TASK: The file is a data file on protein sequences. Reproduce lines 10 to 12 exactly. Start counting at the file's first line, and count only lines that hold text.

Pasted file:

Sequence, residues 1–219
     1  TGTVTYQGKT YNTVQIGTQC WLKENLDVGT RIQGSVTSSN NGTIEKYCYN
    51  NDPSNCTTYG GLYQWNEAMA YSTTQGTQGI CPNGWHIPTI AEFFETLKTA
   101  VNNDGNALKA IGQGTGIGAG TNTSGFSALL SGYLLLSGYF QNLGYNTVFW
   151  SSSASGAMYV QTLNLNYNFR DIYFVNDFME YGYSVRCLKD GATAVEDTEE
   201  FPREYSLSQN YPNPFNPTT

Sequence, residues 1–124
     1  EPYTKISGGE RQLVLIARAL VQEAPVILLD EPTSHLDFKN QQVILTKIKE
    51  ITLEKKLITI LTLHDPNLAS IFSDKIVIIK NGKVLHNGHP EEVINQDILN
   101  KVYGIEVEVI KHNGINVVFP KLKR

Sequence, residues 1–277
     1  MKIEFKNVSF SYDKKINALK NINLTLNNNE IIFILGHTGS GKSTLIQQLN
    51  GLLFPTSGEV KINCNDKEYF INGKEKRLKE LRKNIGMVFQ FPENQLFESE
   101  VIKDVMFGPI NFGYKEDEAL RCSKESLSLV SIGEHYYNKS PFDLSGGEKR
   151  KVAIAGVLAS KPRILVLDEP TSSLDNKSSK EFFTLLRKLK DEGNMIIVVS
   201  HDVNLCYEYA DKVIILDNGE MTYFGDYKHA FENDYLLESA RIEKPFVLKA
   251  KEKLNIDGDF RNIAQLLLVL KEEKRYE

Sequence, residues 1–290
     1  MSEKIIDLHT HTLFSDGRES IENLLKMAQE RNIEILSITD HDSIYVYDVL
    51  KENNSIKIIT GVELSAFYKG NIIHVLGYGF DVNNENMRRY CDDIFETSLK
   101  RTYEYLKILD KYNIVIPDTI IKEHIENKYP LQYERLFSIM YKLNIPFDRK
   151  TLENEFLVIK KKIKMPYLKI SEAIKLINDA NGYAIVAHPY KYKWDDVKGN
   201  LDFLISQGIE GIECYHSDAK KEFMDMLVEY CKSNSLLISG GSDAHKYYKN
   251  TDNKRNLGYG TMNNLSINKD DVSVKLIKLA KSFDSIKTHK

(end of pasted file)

   101  KVYGIEVEVI KHNGINVVFP KLKR

Sequence, residues 1–277
     1  MKIEFKNVSF SYDKKINALK NINLTLNNNE IIFILGHTGS GKSTLIQQLN